Why is it so hard to find true Love?
The answer is in economics. Really. The problem is that Love is a barter market.
Barter markets are those in which goods are traded for goods, without the presence of 'money', per se. If I give you a sack of potatoes in exchange for a sack of corn, or if I give you a crate of chickens in exchange for you repairing my car, that's a barter market.
There's obviously a problem with this in a developed society. If I'm a carpenter, and I want a car, I have to find a car dealer who has exactly the car I want, and who just happens to need a new wing built for his house, which is about what the car is worth. Obviously, this is tough. The tremendous advantage of money is that you don't have to find someone who wants exactly the opposite of what you want, when you want it. You can sell your goods or services at leisure, give the money to the car dealer, and he can get carpentry work done if he needs it, or buy whatever goods he wants.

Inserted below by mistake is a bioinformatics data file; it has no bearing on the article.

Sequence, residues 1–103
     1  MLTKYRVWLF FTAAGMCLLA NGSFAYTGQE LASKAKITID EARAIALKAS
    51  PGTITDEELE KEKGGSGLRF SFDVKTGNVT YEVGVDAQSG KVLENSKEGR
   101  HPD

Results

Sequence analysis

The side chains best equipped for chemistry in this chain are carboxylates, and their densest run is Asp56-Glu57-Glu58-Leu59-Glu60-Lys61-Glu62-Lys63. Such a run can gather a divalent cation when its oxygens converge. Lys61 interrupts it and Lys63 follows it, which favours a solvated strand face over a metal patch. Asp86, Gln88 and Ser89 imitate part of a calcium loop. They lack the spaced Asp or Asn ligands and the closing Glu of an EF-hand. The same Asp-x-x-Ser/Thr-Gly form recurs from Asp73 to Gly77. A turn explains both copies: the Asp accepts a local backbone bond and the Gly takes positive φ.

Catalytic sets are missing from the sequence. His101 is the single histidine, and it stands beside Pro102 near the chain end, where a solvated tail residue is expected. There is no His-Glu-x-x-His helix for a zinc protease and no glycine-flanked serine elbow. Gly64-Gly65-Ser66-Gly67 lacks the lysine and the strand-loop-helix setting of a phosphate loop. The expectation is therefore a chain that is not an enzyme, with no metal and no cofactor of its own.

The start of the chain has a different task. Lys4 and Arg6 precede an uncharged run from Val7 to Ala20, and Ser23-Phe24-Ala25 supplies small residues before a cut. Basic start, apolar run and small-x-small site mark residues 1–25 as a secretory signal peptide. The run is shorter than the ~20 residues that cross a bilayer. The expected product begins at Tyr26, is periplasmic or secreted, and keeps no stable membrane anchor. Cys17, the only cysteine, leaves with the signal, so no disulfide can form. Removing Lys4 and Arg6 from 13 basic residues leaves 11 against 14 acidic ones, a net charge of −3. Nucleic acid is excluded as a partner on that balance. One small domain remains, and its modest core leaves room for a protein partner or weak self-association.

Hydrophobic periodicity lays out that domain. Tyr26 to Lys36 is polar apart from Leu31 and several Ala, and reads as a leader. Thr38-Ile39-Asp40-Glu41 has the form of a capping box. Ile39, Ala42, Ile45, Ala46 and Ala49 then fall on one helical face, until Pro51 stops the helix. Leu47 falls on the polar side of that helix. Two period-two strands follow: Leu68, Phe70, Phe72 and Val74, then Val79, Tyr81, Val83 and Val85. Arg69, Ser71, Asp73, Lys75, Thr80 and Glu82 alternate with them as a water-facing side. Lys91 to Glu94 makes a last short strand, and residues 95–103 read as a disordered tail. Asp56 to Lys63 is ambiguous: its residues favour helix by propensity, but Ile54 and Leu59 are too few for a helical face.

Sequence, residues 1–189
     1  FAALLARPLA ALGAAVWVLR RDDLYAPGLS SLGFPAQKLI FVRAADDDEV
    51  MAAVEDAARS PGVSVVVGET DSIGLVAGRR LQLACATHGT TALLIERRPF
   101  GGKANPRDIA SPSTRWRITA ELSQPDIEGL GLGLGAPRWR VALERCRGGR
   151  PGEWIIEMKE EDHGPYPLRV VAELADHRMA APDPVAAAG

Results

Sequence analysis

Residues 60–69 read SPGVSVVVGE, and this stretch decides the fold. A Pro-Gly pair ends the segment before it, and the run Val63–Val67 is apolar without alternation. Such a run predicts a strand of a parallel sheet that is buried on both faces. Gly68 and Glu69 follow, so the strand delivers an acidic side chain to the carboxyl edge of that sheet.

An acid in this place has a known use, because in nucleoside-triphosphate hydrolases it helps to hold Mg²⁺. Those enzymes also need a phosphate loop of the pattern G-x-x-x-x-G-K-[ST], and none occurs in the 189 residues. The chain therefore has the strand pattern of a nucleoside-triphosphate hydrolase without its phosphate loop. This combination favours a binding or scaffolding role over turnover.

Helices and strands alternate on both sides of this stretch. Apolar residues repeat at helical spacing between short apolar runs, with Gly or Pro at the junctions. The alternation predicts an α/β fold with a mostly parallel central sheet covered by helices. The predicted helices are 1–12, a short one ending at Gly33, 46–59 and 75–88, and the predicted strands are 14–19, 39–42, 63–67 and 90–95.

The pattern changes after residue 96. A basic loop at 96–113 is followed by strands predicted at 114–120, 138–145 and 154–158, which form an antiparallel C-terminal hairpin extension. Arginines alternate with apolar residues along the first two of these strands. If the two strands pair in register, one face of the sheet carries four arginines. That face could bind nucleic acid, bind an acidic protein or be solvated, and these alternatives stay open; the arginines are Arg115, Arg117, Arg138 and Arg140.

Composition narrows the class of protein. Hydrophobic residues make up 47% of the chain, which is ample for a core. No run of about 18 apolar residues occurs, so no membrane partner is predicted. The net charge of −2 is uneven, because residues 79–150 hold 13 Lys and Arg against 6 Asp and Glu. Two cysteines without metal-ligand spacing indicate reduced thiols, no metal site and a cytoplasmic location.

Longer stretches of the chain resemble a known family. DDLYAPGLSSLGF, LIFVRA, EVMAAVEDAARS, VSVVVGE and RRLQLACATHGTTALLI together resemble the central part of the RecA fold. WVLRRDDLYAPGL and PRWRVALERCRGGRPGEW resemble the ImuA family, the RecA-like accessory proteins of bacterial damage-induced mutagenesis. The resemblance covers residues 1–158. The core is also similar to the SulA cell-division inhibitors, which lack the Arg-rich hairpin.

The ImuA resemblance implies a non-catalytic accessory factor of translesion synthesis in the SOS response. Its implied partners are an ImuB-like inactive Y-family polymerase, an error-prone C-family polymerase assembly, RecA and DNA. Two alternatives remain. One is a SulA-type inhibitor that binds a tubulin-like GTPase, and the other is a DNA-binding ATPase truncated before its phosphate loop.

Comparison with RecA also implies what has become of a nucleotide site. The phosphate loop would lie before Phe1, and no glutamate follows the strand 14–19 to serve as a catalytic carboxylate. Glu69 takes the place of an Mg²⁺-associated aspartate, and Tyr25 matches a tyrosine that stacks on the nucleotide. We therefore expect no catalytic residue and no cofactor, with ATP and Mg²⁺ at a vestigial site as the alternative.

But Love is still a barter market. You have to both find someone who you love, and who loves you, at the same time. You have to find someone who wants exactly the reverse of what you want. It's like the the carpenter searching for the car dealer who really needs a new wing on his house. Yes, there may be one out there, somewhere, in the huge universe of car dealers, but it's going to be very difficult to find him.
No wonder it's so tough to find Love.
Actually, there is a non-barter market in Love, that uses money to make transactions easier. It's called 'prostitution'. It's always existed, and probably always will exist. However, most people find it unsatisfying. But the reason it exists at all is the high friction, high aggravation barter market in real Love, in which it so very difficult to find a buyer for what one is selling, and so difficult for her to find you...